Interspersed in the acidophilous oak woods, mostly in the valleys of the inland dunes, we find a lot of smaller moors, also called heath moors. Just like the heath meres, they owe their existence to a retaining layer of clay. Their flora is akin to the raised bogs’, but the heath moors are much smaller and rarely is the peat layer stronger than 1.5 m.
Some heath moors have not been drained and seen a cutting of peat, or at least not much of it. Here, you find quaking bog, Erico-Sphagnetum and Sphagno-Rhynchosporetum systems with Eriophorum angustifolium, Rhynchospora alba, Andromeda polifolia, Vaccinium macrocarpon, Rana arvalis and Leucorrhinia pectoralis. But many a heath moor has been drained and forested with pines over the past centuries. Therefore, a restoration of a near-natural hydrological balance is one important objective of our project.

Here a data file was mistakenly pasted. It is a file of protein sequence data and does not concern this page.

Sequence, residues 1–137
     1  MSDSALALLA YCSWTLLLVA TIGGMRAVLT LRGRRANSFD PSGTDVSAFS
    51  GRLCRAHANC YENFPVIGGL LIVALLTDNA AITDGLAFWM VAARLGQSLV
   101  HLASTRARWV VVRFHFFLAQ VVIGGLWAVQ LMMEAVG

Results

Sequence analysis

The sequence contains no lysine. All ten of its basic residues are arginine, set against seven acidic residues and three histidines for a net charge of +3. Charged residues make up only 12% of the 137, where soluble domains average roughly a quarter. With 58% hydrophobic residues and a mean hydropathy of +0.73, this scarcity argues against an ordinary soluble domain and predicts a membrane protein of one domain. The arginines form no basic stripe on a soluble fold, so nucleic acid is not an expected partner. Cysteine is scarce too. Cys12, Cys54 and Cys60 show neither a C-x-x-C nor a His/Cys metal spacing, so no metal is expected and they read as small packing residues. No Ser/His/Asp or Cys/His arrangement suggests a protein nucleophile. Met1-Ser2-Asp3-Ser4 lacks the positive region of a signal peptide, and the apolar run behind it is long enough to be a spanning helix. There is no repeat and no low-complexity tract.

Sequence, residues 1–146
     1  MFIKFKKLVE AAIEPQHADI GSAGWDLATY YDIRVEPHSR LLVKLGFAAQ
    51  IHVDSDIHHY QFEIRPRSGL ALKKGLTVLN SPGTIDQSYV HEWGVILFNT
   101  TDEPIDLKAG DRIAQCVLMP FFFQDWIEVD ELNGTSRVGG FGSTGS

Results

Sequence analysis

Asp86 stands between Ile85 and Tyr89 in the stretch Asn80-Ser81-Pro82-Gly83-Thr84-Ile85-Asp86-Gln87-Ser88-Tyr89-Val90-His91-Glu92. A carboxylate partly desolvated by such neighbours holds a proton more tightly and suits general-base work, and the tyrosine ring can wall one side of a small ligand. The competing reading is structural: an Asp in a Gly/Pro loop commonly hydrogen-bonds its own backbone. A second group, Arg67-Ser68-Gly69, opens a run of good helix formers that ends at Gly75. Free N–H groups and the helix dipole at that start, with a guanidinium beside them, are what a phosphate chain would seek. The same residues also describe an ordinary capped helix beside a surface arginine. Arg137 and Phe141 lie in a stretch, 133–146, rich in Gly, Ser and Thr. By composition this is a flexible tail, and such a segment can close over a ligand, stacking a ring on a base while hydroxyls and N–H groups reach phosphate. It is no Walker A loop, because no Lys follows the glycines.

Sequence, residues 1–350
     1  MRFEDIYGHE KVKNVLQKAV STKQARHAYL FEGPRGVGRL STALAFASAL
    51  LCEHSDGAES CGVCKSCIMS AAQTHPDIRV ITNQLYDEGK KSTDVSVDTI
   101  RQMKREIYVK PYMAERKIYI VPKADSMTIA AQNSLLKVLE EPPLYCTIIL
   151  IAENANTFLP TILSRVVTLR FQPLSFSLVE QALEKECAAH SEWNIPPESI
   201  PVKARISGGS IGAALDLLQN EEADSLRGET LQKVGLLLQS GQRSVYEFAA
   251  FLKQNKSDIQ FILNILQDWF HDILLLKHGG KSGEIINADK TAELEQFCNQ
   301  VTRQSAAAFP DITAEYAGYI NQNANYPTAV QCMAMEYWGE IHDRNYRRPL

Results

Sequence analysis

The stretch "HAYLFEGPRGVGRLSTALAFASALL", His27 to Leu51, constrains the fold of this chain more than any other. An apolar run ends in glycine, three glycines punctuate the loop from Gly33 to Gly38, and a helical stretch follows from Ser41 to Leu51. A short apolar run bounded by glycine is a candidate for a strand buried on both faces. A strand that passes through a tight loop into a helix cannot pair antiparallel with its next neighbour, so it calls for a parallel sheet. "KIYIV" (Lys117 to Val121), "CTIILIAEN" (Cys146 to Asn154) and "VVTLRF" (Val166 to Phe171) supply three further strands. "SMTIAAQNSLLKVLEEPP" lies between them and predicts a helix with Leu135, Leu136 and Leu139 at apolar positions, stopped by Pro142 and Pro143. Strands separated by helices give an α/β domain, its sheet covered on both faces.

On the edge of the moor and where there is no layer of peat we find wet heath areas. On sandy soils with a regular water supply we find, for example, Carex lasiocarpa, Drosera spec., Lycopodiella inundata, Erica tetralix and Calluna vulgaris.
We find very pronounced wet heaths where a regular browsing prevents the growth of trees and shrubs. This is the case in the Diersfordter Wald deer enclosure and in the Drevenacker Dünen, where there are sheep, not deer.